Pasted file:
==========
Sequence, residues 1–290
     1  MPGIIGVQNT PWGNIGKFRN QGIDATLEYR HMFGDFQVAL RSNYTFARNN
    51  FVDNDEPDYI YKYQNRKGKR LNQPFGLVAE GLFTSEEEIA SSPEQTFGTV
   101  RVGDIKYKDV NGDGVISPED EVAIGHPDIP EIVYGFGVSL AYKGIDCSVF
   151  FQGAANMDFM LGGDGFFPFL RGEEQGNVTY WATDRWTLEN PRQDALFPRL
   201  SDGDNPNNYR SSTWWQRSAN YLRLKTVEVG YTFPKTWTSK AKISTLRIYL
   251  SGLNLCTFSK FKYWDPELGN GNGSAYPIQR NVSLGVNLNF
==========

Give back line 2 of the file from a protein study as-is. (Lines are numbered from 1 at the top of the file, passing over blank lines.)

     1  MPGIIGVQNT PWGNIGKFRN QGIDATLEYR HMFGDFQVAL RSNYTFARNN